The open letter Dylan Farrow penned accusing Woody Allen of molesting her at the age of 7 continues to haunt Hollywood.
The letter also brought past quotes and anecdotes about Allen into a new, uncomfortable, light.
New York Magazine chronicles some of the most disturbing, on the record, information about Allen in the wake of the open letter.
The details of the allegations against Allen, which never resulted in criminal charges, are reported in the 1992 Vanity Fair article “Mia’s Story,” by Maureen Orth, which begins, “There was an unwritten rule in Mia Farrow’s house that Woody Allen was never supposed to be left alone with their seven-year-old adopted daughter, Dylan.
Another story from roughly that era details Allen’s odd attachment to the young Dylan Farrow.
From the start, Farrow’s friends say, Allen seemed “obsessed” by the little girl. He would arrive at Mia’s house at six in the morning and sit on the end of Dylan’s bed, staring at her until she woke up. He insisted that she be kept up until he got home in the evening to tuck her in. He was reluctant to leave her alone at school. His behavior struck several parents of other children as odd.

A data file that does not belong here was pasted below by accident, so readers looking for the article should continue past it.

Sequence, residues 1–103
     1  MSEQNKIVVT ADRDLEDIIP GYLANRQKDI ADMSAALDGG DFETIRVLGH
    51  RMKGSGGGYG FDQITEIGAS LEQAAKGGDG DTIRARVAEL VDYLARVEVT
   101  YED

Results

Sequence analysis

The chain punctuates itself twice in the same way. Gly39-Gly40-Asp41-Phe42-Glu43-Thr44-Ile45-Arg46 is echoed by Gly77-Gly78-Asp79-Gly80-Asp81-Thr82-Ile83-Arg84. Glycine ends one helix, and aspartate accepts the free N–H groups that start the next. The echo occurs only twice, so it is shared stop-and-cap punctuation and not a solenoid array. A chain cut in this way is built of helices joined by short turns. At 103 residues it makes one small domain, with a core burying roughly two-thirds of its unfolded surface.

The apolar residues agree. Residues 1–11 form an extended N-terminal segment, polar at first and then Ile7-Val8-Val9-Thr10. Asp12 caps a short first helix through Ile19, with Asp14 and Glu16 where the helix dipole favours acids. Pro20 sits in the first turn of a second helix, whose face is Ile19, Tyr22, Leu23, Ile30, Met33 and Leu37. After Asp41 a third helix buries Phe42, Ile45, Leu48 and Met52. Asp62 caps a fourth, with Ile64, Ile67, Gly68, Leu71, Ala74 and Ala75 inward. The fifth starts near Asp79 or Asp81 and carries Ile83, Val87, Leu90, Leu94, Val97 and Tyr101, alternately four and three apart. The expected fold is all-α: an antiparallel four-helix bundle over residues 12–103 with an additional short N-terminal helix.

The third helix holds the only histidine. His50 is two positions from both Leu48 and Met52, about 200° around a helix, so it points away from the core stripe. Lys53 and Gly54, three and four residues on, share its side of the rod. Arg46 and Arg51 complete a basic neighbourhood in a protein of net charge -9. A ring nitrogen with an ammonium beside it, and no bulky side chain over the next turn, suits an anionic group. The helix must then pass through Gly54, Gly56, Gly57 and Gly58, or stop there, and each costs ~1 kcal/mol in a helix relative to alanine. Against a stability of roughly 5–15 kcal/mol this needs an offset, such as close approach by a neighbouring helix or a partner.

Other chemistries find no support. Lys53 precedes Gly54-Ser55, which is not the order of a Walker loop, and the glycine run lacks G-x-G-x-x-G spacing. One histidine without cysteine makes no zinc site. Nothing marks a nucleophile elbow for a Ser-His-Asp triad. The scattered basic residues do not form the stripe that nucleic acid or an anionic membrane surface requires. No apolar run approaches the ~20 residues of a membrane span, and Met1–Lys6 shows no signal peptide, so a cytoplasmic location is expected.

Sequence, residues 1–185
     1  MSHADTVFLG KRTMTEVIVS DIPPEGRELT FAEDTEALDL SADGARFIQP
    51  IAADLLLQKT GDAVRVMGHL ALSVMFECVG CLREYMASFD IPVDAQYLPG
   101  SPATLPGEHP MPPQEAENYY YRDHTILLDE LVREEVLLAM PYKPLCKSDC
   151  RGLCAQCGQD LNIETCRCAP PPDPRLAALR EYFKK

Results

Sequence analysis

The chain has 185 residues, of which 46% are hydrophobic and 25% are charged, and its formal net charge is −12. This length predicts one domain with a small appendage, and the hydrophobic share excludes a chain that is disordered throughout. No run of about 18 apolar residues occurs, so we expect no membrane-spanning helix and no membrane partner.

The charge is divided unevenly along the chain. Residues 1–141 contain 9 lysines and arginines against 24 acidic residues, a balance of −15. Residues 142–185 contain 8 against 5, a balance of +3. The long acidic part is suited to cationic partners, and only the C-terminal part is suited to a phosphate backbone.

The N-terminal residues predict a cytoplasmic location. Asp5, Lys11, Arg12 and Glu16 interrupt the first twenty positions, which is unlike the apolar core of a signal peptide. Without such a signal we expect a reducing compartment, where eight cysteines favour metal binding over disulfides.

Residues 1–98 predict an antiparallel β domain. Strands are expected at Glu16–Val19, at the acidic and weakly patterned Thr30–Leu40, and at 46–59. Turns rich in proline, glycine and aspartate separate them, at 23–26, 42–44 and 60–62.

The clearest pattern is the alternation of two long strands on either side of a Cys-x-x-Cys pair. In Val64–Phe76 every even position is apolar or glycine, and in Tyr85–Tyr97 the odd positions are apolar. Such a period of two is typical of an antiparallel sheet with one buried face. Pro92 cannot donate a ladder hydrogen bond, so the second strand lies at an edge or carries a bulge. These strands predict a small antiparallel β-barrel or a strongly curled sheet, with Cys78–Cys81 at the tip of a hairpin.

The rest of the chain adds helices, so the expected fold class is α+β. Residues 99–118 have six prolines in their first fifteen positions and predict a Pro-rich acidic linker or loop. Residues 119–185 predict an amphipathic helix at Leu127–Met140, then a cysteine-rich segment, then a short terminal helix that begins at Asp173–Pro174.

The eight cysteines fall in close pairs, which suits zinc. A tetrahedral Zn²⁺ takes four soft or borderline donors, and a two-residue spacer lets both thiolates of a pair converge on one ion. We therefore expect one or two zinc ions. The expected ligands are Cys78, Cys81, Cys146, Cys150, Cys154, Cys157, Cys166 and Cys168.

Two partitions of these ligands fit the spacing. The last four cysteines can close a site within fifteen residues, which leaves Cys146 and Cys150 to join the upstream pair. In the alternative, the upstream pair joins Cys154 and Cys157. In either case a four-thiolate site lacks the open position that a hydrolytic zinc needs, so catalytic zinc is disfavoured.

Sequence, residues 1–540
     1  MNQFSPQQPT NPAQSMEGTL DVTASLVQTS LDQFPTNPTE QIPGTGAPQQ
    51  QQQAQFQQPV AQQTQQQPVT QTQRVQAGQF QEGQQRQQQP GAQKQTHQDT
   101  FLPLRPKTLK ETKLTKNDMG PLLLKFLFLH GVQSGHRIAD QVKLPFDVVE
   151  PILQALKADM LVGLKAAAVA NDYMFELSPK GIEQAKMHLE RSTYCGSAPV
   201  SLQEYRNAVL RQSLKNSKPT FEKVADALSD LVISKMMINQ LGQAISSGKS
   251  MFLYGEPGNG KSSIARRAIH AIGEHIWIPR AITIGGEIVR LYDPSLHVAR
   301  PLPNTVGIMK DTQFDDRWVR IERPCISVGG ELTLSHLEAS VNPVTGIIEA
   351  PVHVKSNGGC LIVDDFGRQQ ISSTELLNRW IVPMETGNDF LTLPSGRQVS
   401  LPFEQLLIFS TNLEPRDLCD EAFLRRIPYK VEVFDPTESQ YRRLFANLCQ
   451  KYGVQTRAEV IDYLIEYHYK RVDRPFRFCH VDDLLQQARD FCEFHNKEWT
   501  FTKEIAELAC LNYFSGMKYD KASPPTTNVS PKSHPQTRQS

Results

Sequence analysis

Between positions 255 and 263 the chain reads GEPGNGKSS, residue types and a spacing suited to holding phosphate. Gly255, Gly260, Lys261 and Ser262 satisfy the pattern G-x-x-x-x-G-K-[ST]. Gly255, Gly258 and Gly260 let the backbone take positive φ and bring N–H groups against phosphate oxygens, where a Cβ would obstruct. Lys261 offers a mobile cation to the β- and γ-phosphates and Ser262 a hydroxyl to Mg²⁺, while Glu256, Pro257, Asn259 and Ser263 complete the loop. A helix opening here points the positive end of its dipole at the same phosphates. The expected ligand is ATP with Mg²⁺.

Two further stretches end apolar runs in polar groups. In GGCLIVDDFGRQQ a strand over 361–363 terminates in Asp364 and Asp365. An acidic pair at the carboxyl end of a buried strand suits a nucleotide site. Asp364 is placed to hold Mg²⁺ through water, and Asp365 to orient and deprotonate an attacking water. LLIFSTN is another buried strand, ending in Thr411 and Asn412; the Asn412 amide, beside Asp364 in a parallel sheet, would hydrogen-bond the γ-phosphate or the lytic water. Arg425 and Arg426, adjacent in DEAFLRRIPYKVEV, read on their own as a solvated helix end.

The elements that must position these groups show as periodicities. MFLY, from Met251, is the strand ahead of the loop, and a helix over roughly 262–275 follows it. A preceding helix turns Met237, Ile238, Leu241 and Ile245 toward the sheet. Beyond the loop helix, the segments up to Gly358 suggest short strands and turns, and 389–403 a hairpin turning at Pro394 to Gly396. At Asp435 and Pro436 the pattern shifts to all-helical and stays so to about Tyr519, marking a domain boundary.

The new article also uncovers a 1976 interview from People magazine detailing the director’s confessions about love and sex.
I’m open-minded about sex. I’m not above reproach; if anything, I’m below reproach. I mean, if I was caught in a love nest with 15 12-year-old girls tomorrow, people would think, yeah, I always knew that about him.” Allen pauses. “Nothing I could come up with would surprise anyone,” he ventures helplessly. “I admit to it all.
We also learn anew about a pen pal relationship Allen had with a then-13-year-old girl named Nancy. Allen asked the youngster a series of chummy questions during their exchanges, like, “What school do you go to? What hobbies do you have? How old are your parents and what do they do? What are your moods like? Are you energetic?”
The two did meet once, although the girl brought along two adults. Here is how she recalls the moment:
I couldn’t say a word, and my companions filled in the silence with aimless chatter while Woody, wearing his very same clothes from Annie Hall, sat Indian-style in an armchair, nodding politely and trying to catch my eye.